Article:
JP: “It occurred to me that everyone nowadays who makes music, makes music on their laptops. Everyone has a recording interface. Everyone has equipment at hand. A lot of people make music on their own, and then branch out to the collaborative bit later. If people are going to be stuck indoors, they’re going to be bored and will want something to work on – so why not start a community of musicians or creatives?”
Why should we support up and coming artists?
During this pandemic, funding policies for the arts have been few and far between – meaning that they are not seen as a necessity. Yet, we rely on the arts for normality. While I was completing my dissertation in lockdown, I joked to my friend that I should include a dedicated Acknowledgements section for Aphex Twin’s Selected Ambient Works 85-92. It is too easy, in these exceptional times, to feel like we’re occupying a vacuum. Music provides structure and rhythm to our lives where it is otherwise lacking.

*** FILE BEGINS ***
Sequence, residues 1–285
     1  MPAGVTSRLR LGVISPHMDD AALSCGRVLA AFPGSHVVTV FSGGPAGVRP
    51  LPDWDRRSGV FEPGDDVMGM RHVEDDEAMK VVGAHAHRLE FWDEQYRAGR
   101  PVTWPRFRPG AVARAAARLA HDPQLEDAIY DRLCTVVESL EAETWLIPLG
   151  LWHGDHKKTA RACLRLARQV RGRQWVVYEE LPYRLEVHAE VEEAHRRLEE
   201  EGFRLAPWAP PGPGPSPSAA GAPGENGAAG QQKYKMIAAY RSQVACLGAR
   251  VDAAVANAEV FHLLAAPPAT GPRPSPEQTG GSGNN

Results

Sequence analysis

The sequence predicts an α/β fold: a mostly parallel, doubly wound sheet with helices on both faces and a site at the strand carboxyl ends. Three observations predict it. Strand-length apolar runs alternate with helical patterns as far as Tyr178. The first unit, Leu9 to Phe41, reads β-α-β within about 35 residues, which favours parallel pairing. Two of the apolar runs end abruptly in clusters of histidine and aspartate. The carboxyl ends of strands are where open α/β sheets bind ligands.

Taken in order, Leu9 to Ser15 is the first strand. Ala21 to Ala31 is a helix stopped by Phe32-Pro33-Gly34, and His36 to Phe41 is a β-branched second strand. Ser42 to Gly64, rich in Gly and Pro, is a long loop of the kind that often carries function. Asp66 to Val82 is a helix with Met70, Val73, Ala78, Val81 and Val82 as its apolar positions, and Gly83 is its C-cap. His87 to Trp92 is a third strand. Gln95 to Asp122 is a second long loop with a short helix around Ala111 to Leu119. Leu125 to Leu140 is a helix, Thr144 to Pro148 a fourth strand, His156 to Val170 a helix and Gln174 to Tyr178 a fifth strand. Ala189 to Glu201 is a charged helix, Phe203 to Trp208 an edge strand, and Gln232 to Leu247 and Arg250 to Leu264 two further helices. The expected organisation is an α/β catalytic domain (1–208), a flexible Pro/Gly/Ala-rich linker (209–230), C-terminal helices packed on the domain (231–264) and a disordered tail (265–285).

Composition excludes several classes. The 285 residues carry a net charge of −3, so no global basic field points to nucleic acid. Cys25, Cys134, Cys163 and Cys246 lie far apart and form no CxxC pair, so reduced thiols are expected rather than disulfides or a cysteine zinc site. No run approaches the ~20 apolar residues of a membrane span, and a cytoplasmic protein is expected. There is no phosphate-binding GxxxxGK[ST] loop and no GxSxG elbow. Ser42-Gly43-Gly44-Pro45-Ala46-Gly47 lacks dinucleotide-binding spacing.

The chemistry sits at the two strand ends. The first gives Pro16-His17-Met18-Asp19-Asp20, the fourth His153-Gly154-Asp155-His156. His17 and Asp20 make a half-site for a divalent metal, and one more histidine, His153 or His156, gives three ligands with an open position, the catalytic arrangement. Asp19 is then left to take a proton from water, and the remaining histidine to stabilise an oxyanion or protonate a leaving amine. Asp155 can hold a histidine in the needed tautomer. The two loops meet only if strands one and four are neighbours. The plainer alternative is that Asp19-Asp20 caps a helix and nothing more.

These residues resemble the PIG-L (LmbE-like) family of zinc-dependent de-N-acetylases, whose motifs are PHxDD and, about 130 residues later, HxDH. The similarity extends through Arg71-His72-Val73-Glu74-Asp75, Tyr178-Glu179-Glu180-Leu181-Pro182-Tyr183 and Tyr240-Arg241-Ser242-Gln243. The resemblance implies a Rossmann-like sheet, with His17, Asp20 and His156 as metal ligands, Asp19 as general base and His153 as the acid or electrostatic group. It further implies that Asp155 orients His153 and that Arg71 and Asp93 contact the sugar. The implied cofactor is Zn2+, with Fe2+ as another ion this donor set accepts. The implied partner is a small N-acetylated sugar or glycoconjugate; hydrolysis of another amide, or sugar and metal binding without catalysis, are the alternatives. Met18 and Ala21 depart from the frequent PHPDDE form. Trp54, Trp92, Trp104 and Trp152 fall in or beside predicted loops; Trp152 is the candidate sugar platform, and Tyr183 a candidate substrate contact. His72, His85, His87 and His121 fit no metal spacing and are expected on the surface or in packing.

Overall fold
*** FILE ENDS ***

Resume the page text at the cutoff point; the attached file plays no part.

We also need to maintain human connection in times when we are physically distanced. “When you distil Collabavirus to one thing it’s about connection; connecting people and connecting musicians to each other,” Jay explains. This is especially important for smaller artists, who are rarely discovered outside of live shows or the festival sphere.
Amid the streaming era, smaller artists have been hit the worst by the pandemic – despite efforts from Bandcamp and Spotify to address their disproportionate income distribution. While bigger bands and artists have adapted by selling branded face masks (even survival has a personality stamp!), relying on touring and physical releases for income is unsustainable in the long-term.